High-Value Relationships tm: The Economics of Connecting with People

by Jim Cathcart
copyright 2008

If you spend 20 minutes each week with John you get four referrals a month, three great new business ideas, you feel better about yourself and you have a great time. If you spend 20 minutes with him only once every three months you get virtually nothing by comparison. Would you not agree that there is an actual, tangible, financial value to advancing your relationship with John?

If you have dinner twice a month with Mary you have a lot of laughs, but you also pick up some of her cynicism. She uses put-down humor almost exclusively and, though it is funny, a steady diet of it will color your own mindset. So, like with comedians George Carlin and Don Rickles, their humor is good for an occasional laugh but a constant exposure to it is detrimental to your emotional well-being. The same can be said of many information sources and entertainment types. If it is uplifting, inspiring and encouraging, you will notice the effect. If on the other hand it is cynical, critical and sarcastic, so will you become. What we “feed” on most will ultimately show up in our own behavior and attitudes.

There is a cost to bad input and a value to good input. You and I are in control of who we spend our discretionary time with. I believe we should choose intentionally and consciously, and not just accept things by default. There are billions of people on Earth with whom you could cultivate a relationship. There are dozens or maybe hundreds with whom you already have the beginnings of a relationship. So, as the investor of your time and energy, where do you think the smart investment of your time should go?

Some say that intention has no place in a genuine relationship. I disagree. All of our relationships are intentional in some ways. I recommend that we become more conscious of it. A relationship is a connection between people in which there is an element of trust. The higher the trust the greater the relationship. If you want a relationship in which you can “just be yourself” then you will need a high-trust relationship. But…what does it mean to “be yourself”?

Does it mean to be able to follow your impulses without restraint? If so you are leaving open some pretty unpleasant possibilities.
Does it mean being able to think out loud? Then you’d better have much trust. As Emerson said, “A friend is one with whom I may be sincere. Before him I may think aloud.” But even in high-trust relationships there is some restraint.

I have found that we “edit” ourselves in all of our relationships, at least to some degree. We choose not to say things that might leave the wrong impression or be misinterpreted. We omit observations that might be offensive or hurtful to others. We refrain from yelling “Fire!” while in a crowded theater, etc. So, technically, we are never “just being ourselves” but rather we are making at least some effort to be our “best self” as much as we can.

Now, back to the value of our relationships. The more we can generate trust with others the more possibilities we will have before us. The person with the most trust among others usually prevails. This is true in politics, in business and in day to day relations with neighbors. With more trust you get “the benefit of the doubt” and without it you get second-guessed at every turn.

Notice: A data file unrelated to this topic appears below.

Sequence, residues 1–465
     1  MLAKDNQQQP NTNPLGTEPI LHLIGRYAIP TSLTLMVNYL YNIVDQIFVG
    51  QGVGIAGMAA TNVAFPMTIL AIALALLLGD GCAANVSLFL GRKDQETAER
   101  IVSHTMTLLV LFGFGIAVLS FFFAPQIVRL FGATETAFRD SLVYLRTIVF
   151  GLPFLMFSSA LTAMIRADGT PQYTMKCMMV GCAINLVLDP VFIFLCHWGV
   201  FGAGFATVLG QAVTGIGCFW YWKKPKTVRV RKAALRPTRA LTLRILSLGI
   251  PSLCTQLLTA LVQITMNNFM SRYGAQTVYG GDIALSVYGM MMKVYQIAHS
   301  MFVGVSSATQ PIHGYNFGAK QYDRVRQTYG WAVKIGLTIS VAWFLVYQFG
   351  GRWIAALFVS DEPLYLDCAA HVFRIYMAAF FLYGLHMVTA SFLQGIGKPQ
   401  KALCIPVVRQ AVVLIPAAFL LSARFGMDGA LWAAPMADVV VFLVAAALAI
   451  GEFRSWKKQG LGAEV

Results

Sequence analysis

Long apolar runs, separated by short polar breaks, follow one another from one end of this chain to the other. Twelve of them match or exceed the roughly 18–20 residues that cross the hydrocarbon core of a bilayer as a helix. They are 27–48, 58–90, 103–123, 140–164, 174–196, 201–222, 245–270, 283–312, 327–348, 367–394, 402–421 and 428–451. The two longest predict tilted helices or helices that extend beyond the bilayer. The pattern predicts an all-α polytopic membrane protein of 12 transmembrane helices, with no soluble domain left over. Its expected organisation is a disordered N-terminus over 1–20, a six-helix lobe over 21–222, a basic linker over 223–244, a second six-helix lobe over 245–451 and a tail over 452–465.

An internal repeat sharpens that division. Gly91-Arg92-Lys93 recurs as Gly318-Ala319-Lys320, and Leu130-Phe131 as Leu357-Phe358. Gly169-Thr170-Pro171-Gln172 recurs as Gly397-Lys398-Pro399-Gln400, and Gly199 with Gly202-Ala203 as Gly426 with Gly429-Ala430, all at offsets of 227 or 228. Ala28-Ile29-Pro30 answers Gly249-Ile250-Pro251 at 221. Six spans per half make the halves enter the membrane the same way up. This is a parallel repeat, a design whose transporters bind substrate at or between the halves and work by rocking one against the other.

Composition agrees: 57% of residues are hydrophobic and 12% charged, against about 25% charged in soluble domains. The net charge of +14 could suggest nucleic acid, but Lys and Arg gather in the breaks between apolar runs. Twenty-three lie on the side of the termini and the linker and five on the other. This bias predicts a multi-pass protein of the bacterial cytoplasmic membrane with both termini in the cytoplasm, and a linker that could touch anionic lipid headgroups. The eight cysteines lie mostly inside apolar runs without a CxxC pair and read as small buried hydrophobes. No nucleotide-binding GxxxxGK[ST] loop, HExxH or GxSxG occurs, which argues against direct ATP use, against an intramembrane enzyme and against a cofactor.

As I’m fond of quoting, my friend Kevin Buck says, “Trust is a fruit. You can’t grow it directly. You cultivate the plant and it produces the fruit in its own time.” The relationship is the plant. When we nurture and cultivate the relationship then the trust will emerge “in its own time.”

Conclusion: when we become more conscious of the value of relationships in our lives we take our connections more seriously.
When we take our connections more seriously we become more intentional about who we spend time with, how we spend that time and how we conduct ourselves while we are there. The happy result of all this is that we get greater rewards just like in my example of meeting with John for 20 minutes each week.

Now examine the relationships in your life. Just list them all. Yes, all of them. Take some blank paper and just start listing everyone you know. This could take some time so don’t worry about doing it all in one sitting. Give yourself a week or so and keep adding to the list each day. Each name will remind you of others, and even of some people whose name you don’t know or recall, e.g. the guy who always greets me at the information counter. Just list them.

The easiest way to generate this list is to create groupings first. Develop a set of groupings that they would naturally belong to: family, friends from church, from sports, from school, coworkers, neighbors, customers, etc. Note which people go into each group. Then just brainstorm and list everyone you can think of.

Now “NOTICE MORE”, reflect on your lists and notice who you spend the most time with. List those people on a separate page.

From an interpersonal perspective, the people you spend the most time with are the essence of your life’s experience at this time.
If you were to change the mix of people or the amount of time with them, you’d actually alter your life.
Hmmmmm. Give that some thought.
You could actually change your life by altering the mix of people you associate with most frequently.

I believe that it is incumbent upon us to direct our life instead of just experiencing it. The more intentional we become the more we will tend to get what we want. So, who should you be spending more time with? Less time? No time?
Who do you need to meet in order to expand your potential?

Your relationships are valuable to you. Whether their value is high or low is in your hands.


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Filed under Behavioral Economics, High-Value Relationships

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